Within the group of subjects exposed to either list-A or -B occupations, our study demonstrates that women are more likely than men to be exposed to occupations that are suspected, rather than confirmed, as being associated with increased risk of developing lung cancer. Knowledge on occupational lung carcinogens, and presumably on occupational carcinogens in general, however, is mostly related to agents to which mainly men are exposed. Thus, little is known about carcinogenic occupational exposures among women.
This study was partially supported by the following grants: European Commission DG-XII (Contract EV5V-CT9:4-0555) for the coordination; in France, Association pour la Recherche sur le Cancer, European Commission (90CVV01018), and Caisse Nationale d’Assurance Maladie des Travailleurs Sociaux; in Germany 1, the Federal Ministry for Education, Science, Research and Technology (Grant 01 HK 546) and the Federal Ministry of Work and Social Affairs (Grant IIIb 7-27/13); in Germany 2, the Federal Office of Radiation Protection, Salzgitter (Grant St Sch 1066, 4047, 4074/1); in Germany 3, the Federal Office of Radiation Protection, Salzgitter (Grant No. St Sch 4006, 4112); in Italy 1, Italian Ministry of University and Scientific amd Technological Research (MURST), the Italian Association for Cancer Research, and the Regione Piemonte-Ricerca Finalizzata; in Italy 2, the National Research Council (Contract 91.00327.CT04) and the Italian Association for Cancer Research; in Portugal 1, Junta Nacional de Investigação Científica e Tecnológica (Contract PMCT/C/SAU/815.90); in Portugal 2, Comissãp de Fomento de Investigação em Cuidados de Saúde; in Spain, the Spanish Ministry of Health (Ref. No. 89002300); in Sweden, the Swedish Match (8913/9004/9109/9217) and the Swedish Environmental Protection Agency (53:30071-1); and in the United Kingdom, the Imperial Cancer Research Fund, the Department of Health, the Department of the Environment, and the European Commission.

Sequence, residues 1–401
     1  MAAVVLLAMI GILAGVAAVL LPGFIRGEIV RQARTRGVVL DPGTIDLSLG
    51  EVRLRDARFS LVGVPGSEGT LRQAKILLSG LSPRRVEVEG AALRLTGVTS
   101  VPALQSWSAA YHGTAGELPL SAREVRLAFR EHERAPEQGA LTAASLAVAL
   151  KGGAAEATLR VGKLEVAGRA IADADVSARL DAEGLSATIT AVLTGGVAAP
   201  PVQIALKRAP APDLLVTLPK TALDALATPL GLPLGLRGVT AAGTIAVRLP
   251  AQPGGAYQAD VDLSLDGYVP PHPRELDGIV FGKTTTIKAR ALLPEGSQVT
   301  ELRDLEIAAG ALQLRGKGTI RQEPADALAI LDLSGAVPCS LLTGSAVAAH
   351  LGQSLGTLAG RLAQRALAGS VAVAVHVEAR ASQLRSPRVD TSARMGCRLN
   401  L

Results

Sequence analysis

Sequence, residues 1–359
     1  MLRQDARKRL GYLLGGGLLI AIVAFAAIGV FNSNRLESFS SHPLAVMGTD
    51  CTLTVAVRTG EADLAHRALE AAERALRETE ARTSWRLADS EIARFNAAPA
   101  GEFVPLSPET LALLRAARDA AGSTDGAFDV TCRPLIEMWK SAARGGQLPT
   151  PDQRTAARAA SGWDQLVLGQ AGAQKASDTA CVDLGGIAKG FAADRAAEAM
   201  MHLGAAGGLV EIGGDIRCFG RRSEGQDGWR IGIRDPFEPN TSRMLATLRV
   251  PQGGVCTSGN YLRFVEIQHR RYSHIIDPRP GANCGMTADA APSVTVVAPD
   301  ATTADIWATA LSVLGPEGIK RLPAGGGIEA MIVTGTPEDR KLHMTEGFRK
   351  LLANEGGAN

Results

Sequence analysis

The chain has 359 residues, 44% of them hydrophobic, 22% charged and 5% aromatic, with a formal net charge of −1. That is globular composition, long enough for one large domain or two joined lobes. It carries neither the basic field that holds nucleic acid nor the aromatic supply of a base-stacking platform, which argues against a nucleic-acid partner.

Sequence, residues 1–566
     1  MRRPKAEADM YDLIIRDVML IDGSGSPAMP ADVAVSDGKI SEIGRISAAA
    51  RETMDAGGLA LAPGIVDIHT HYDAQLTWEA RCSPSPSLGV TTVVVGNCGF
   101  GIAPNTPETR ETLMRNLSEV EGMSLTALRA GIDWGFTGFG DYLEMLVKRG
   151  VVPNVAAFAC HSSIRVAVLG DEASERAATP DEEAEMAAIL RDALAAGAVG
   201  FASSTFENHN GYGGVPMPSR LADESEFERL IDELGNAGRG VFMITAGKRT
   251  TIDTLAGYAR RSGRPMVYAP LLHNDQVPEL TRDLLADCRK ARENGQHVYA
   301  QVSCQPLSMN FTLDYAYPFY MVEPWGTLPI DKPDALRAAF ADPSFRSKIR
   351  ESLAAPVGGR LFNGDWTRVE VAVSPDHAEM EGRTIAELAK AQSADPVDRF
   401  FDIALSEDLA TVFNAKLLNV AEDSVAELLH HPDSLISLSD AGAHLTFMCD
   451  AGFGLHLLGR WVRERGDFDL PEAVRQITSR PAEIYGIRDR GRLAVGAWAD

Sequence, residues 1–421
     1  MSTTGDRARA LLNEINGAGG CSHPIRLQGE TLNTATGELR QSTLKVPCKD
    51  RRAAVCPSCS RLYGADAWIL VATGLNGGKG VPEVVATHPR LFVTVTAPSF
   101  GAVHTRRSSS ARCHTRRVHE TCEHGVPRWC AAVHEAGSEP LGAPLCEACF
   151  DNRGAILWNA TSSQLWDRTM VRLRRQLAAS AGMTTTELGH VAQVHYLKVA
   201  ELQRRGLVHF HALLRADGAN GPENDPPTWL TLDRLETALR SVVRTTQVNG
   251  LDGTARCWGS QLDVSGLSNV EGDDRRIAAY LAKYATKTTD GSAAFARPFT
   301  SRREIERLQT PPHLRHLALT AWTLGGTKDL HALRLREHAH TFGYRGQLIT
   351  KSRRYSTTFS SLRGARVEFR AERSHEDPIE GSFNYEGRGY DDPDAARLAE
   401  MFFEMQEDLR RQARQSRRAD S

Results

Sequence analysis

We thank the following persons for their contributions to the study in the different centers. France (Paris): C. Schrameck, J. Azorin, P. Baldeyrou, J. P. Battesti, J. Benoit, J. Bignon, F. Blanchon, J. J. Bonerandi, C. Brambilla, J. L. Breau, J. M. Brechot, J. Briere, J. M. Brisset, C. Buffet, G. Cathelineau, Y. Chapuis, J. P. Chevrel, J. P. Droz, L. Dubertret, F. Dubois, F. Fekete, P. Girard, C. Gisselbrecht, D. Grunenwald, A. Hirsch, V. Izrael, A. Jardin, J. P. Kleisbauer, J. A. Krivitzky, A. Laugier, T. Le Chevallier, F. Mal, F. Mazas, C. Menkes, F. Mignon, B. Milleron, E. Modigliani, R. Modigliani, P. Morel, J. F. Muir, J. Y. Nordin, J. Paolaggi, J. B. Paolaggi, R. Pariente, S. Pretet, A. Puissant, J. Roussy, J. C. Sarles, B. Sastre, J. Sauvaget, G. Schaison, P. Testas, J. Tredaniel, and D. Valeyre. Germany 1: W. Hartmann and K. Eberhardt in Bremen and K.-M. Müller in Bochum. Germany 2: G. Dingerkus in Wuppertal, M. Gerken in Donaustauf, and K.-M. Müller in Bochum. Germany 3: J. Heinrich and G. Wölke in Erfurt. Italy 1 (Turin): S. Massacesi, G. Peyrano, M. Tedeschi, and M. Artom. Italy 3 (Rome): F. Anatra and T. Trequattrini. Portugal 1 (Lisbon): J. Maçanita, E. Teixeira, R. Sotto-Mayor, M. Cancela de Abreu, H. Lucas, M. J. Melo, and M. M. Cristóvão. Portugal 2: R. Nêveda in Viana do Castelo, J. M. Calheiros in Porto, and F. F. Rodrigues in Vila Nova de Gaia. Spain: C. Pallarès, X. Fabregat, J. Roselló, J. Estapé, J. Planas, N. Malats, and I. Machengs in Barcelona; A. Barnadas and M. G. Esteve in Badalona; I. Martínez-Ballarin in L’Hospitalet de Llobregat; and A. Badia in Mataró. Sweden (Stockholm): V. Agrenius, K. Svartengren, and C. Svensson. United Kingdom (Oxford): R. Doll, P. Silcocks, and B. Thakrar.